The Guardian’s Poverty Matters blog recently published an article on the interactive visualisations of a London-based Overseas Development Institute – Publish What You Fund. The piece deals with how the institute is bringing transparency and clarity to of how donors are spending aid in Uganda, and comparing that with where the government allocates its resources.
It notes how ‘the Ugandan government was only aware of half the aid being spent in the country, despite routinely requesting this information from donors.’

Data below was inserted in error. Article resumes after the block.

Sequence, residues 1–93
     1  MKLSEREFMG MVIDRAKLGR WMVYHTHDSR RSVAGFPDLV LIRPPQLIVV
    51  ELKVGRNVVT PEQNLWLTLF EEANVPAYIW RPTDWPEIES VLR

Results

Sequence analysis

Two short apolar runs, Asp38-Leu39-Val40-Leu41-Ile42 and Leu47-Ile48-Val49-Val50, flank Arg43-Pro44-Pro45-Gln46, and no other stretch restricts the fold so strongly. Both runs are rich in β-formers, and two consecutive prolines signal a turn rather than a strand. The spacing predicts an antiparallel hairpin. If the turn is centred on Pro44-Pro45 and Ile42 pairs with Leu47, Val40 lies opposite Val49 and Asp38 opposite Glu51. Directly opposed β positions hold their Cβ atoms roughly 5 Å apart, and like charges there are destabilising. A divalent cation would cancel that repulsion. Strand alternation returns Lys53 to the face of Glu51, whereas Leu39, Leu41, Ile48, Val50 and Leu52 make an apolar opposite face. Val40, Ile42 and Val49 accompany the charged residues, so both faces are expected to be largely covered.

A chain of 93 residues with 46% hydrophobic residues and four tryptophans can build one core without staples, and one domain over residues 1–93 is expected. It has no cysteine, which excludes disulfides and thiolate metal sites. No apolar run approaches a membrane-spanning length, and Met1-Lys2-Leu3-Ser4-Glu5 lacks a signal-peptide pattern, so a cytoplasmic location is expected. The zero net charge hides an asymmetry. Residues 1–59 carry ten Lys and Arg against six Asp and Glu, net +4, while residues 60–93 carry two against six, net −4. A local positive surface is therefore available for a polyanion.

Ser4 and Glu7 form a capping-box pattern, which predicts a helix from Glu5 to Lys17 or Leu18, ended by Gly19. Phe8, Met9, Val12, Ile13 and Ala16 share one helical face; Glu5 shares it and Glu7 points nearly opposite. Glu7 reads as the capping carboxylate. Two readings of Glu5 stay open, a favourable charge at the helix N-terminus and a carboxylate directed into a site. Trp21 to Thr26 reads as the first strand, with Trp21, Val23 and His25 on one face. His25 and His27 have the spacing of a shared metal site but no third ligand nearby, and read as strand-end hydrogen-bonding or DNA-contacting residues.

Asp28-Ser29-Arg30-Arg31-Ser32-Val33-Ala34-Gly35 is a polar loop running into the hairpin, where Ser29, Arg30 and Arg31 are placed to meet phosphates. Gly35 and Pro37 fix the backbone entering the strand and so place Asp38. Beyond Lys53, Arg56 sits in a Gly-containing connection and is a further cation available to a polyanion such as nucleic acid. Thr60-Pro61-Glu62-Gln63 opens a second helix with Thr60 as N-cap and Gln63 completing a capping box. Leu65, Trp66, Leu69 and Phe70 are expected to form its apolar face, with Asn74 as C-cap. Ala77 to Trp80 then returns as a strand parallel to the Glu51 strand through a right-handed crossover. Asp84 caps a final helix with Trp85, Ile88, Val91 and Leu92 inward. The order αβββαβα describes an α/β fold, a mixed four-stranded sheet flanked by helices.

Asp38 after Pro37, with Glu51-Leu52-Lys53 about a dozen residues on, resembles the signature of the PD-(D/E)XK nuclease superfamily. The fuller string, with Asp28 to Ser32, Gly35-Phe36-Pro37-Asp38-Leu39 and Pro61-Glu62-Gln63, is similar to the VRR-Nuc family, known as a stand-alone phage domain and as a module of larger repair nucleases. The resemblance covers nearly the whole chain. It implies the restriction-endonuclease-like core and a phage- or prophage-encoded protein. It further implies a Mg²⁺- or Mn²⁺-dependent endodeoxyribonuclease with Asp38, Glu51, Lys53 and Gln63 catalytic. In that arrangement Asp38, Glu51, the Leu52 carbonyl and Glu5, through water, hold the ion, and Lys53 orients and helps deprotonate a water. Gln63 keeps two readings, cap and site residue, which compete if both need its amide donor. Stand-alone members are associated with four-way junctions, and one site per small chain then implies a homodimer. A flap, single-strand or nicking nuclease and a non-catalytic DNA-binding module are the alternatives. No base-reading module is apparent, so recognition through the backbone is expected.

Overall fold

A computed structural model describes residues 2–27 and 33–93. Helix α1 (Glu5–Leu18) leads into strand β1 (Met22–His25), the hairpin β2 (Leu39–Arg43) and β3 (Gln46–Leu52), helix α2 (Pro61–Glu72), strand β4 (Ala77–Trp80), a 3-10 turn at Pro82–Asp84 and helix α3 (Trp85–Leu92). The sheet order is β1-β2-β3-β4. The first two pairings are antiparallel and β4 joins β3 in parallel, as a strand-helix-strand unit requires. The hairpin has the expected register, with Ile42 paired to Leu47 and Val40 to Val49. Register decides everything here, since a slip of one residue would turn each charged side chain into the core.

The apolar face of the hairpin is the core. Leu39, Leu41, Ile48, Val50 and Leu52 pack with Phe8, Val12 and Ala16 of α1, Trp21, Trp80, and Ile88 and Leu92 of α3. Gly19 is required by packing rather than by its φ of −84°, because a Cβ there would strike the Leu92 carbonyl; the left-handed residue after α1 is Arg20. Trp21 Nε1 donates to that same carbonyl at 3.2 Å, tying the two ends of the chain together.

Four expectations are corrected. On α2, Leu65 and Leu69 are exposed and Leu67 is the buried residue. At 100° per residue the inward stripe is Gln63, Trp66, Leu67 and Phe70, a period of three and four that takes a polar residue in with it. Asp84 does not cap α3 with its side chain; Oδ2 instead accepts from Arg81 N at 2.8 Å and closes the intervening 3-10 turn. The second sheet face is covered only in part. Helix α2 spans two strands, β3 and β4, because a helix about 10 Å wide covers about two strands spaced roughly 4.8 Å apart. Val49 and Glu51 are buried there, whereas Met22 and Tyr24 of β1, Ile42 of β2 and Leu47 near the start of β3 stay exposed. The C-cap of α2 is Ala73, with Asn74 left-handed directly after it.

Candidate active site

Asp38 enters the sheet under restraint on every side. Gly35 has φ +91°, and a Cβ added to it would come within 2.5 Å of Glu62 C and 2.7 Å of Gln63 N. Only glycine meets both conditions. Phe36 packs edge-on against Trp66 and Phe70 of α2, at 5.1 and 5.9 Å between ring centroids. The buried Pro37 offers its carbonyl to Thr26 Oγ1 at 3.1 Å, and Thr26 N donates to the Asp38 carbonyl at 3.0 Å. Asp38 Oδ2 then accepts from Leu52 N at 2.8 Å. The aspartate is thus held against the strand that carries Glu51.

The Publish What You Fund campaign group and the Open Knowledge Foundation have now produced a visualisation of Uganda’s aid and budget data for 2003-2006, billed as the first time both sets of data have been displayed together in a way that is easy to explore. A quick look shows just how big a piece of the puzzle aid spending is – more than 50% of overall resources available in Uganda for 2005-2006. The vast majority of this $1.1bn in aid was spent directly by donors on various projects, with only a third given to the government to spend along with its domestic resources. Interestingly, aid money made up only a small proportion of resources for education, while accounting for the majority of resources for health, agriculture, water and the environment.